EGU23-180, updated on 04 Apr 2023
EGU General Assembly 2023
© Author(s) 2023. This work is distributed under
the Creative Commons Attribution 4.0 License.

A Random Forest approach to quality-chacking automatic snow-depth sensor measurements

Giulia Blandini1,2, Francesco Avanzi2, Simone Gabellani2, Denise Ponziani2, Hervè Stevenin3, Sara Ratto3, and Luca Ferraris2,1
Giulia Blandini et al.
  • 1DIBRIS,University of Genoa, Genova, Italy
  • 2CIMA Research Foundation, Savona,Italy
  • 3Centro Funzionale Valle D'Aosta

Advanced environmental technologies have made available an increasing amount of data from remote sensing satellites, and more sophisticated ground data. Their assimilation into dynamic models is progressively becoming the most frequent, and conceivably the most successful, solution to estimate snow water resources. Models reliability is therefore bounded to data quality, which is often low in mountain, high-elevation, and unattended settings. To add new value to snow-depth sensor measurements, we developed a machine-learning algorithm to automatize the QA/QC procedure of near-surface snow depth observations collected through ground stations data. Starting from a consolidated manual classification, based on the expert knowledge of hydrologists in Valle D'Aosta, a Random Forest classifier was developed to discriminate snow cover from grass or bare ground data and detect random errors (e.g., spikes). The model was trained and tested on Valle d’Aosta data and then validated on 3 years of data from 30 stations on the Italian territory. The F1 score was used as scoring metric, being it most suited to describe the performances of a model in case of a multiclass imbalanced classification problem. The model proved to be robust and reliable in the classification of snow cover and grass/bare ground discrimination (F1 values above 90%), yet less reliable in random error detection, mostly due to the dataset imbalance. No clear correlation with single year meteorology was found in the training domain, and the promising results from the generalization to a larger domain corroborates the model robustness and reliability.This machine learning application of data quality assessment provides more reliable snow ground data, enhancing the quality of snow models.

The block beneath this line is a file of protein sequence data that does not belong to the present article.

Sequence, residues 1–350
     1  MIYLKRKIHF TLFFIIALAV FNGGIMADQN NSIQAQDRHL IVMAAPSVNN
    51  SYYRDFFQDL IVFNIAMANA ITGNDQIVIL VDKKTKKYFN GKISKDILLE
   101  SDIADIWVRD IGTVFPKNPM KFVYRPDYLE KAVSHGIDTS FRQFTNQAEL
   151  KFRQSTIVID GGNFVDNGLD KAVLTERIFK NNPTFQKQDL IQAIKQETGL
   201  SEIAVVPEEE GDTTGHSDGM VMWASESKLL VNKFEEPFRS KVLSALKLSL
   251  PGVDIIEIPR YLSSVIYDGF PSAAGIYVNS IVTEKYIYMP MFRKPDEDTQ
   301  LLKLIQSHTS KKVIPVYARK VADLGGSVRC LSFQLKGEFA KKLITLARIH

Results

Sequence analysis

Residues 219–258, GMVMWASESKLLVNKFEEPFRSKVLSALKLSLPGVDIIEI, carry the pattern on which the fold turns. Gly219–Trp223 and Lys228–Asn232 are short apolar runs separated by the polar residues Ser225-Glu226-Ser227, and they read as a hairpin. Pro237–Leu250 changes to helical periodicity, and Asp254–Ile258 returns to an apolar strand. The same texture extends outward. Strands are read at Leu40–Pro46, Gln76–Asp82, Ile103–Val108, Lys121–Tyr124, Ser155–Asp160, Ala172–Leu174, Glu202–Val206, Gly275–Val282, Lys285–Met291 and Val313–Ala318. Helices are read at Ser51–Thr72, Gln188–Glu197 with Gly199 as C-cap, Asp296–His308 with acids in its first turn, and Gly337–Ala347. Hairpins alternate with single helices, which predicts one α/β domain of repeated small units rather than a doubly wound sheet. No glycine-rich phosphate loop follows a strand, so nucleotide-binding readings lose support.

How to cite: Blandini, G., Avanzi, F., Gabellani, S., Ponziani, D., Stevenin, H., Ratto, S., and Ferraris, L.: A Random Forest approach to quality-chacking automatic snow-depth sensor measurements, EGU General Assembly 2023, Vienna, Austria, 24–28 Apr 2023, EGU23-180,, 2023.